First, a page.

Intolerable phone situation in Steinbrook taken to the minister

Leeza Wishart atop a hillside on her 'Optus chair' to seek a signal, although she said it's a bleak job when the cold westerlies blow.
Leeza Wishart atop a hillside on her 'Optus chair' to seek a signal, although she said it's a bleak job when the cold westerlies blow.

Lack of reliable telecommunication infrastructure in the Steinbrook/Rocky River district southeast of Tenterfield is again causing concern as residents contend with very limited mobile phone reception and a very unreliable landline network.

Billirimba Road resident Leeza Wishart is championing the efforts of her local community to bring the dire situation to the attention of Federal Communications Minister Paul Fletcher.

After Mrs Wishart invested considerable time and effort contacting residents in the district to gauge the extent of the problem, 21 families added their names and phone numbers to her own in her original letter to the minister back in August.

The community is imploring him to direct Telstra to upgrade the Steinbrook and Rocky River Telephone Exchanges and to include the district in the Federal Government's $380 million Mobile Black Spot Funding Program.

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Landlines in the Steinbrook/Rocky River region have been out eight times since November last year, often for an extended period, and mobile reception is virtually non-existent in the region. The dire telecommunications problems came to a head last summer when bushfires ripped through the area.

There were widespread reports that Steinbrook Hall had burned down. The hall still stands (somewhat miraculously), but Mrs Wishart fears that the lack of phone service could very well lead to tragedy, let alone the inconvenience it causes on a daily basis.

"Telstra is not fulfilling its Universal Service Obligation," she said. "The landline can be out for up to two weeks at a time, and on occasions is lucky to be fixed before we lose it again.

"It is apparent to me that Telstra is using bandaid technology to repair our local copper network. Sometimes it's a storm that causes these outages, but nine-times-out-of-10 it's equipment failure."

Steinbrook Hall is the designated emergency evacuation centre for the district, but it has no mobile phone reception and an unreliable landline which may mean there is no phone at an Evacuation Centre to call triple-0, Mrs Wishart said.

She's aware of Rocky River property owners who used to maintain a landline for when they visited, but have given up on paying for a service that was seldom in working order.

Using mobile phones as a backup is rarely an option. The Wisharts, for instance, have four blue tick mobile phones: two connected to the Telstra service and two to Optus. While Telstra is arguably the service of choice for those in more remote areas, Mrs Wishart noted poorer reception when moving to a new Telstra phone.

Now the only signal the family can pick up at the home property is one spot where the Optus phones usually work. That spot now has a chair in place, designated the 'Optus seat', for phone calls when the landline is out. Mrs Wishart said it's not much fun making mobile calls on the side of a hill in the middle of winter with a bitterly cold westerly blowing.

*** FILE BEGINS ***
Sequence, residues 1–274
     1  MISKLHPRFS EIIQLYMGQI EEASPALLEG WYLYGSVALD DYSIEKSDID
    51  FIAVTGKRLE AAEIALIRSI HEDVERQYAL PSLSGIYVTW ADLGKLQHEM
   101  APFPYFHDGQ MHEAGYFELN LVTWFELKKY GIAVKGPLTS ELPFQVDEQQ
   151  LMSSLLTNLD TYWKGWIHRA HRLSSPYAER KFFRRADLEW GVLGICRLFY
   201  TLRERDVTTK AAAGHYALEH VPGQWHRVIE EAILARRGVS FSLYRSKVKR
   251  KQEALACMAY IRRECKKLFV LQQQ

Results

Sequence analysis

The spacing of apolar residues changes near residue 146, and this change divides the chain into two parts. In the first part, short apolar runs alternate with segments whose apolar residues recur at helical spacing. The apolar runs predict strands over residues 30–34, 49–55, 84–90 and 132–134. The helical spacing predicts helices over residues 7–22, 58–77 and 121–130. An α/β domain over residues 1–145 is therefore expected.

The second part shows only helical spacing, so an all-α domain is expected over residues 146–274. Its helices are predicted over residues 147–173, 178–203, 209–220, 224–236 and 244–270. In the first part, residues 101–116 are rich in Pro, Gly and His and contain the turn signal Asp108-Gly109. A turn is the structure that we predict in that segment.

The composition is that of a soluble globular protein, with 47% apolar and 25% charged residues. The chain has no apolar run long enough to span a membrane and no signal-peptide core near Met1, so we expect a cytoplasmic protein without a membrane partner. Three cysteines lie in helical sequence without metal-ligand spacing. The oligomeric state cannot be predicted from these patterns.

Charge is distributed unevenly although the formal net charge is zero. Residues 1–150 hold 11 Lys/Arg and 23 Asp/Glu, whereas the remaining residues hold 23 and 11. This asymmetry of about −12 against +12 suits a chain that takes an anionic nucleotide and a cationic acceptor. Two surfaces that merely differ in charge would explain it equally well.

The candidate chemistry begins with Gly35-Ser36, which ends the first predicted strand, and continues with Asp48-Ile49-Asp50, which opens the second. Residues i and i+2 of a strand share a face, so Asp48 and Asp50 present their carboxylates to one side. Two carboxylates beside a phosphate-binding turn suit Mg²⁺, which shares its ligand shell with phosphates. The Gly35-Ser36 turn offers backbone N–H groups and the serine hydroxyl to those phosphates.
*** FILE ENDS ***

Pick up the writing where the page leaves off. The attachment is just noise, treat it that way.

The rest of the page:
"Our place is a tinder box at present and it's really stressful as the hot weather approaches," Mrs Wishart said, fearing a repeat of last season's fires.

"I am aware of a number of people in Steinbrook who are Telstra Priority Assist customers due to medical conditions. They have to travel considerable distances to get a mobile phone signal when the landline is out and this could have catastrophic consequences in a health emergency.

The Wisharts have satellite broadband so VOIP (Voice Over Internet Protocol) calls are a possibility, but the delayed response nature of such calls plus limited, expensive data allowances, make them impractical.

With two daughters at high school (one doing her HSC) and COVID-19 distancing them from family and friends, the Wisharts are typical of households in the area feeling very frustrated by the situation. They're paying $183.90 a month for a combination of landline, mobile and internet services that actually deliver very little connectivity.

"Our satellite broadband allowance of 50 gigabytes peak data costs us an exorbitant $59.95 per month," Mrs Wishart said. "City people wouldn't stand for this sort of service.

"In June 2019 I wrote to Communications Minister Paul Fletcher about the high cost and poor data allowances for satellite broadband customers and never received a response."

Mrs Wishart has sent two letters to the minister explaining the dire situation, copying in local federal member for New England Barnaby Joyce, with no response other than an acknowledgement of receipt. An approach to the office of state MP Janelle Saffin did elicit a response noting that it's a federal matter, although Mrs Wishart feels it's important to keep the state MP in the loop.

"Minister Fletcher before the release of the 2020 Federal Budget you touted that connectivity is the key to recovery in regional Australia," she wrote. "Please help our small community recover and thrive, and provide us with the connectivity all Australians have a right to, regardless of where they live."

Another resident did manage to secure a lengthy phone meeting with the minister's senior adviser on Monday, resulting in a flurry of emails between the minister's office and Telstra with the latter promising to look into the matter.

This resident feels that no number of mobile phone towers will resolve the issue, given the hilly terrain. A reliable landline service is a must and she is happy that the matter is now on the minister's radar, but is not holding her breath for the resolution.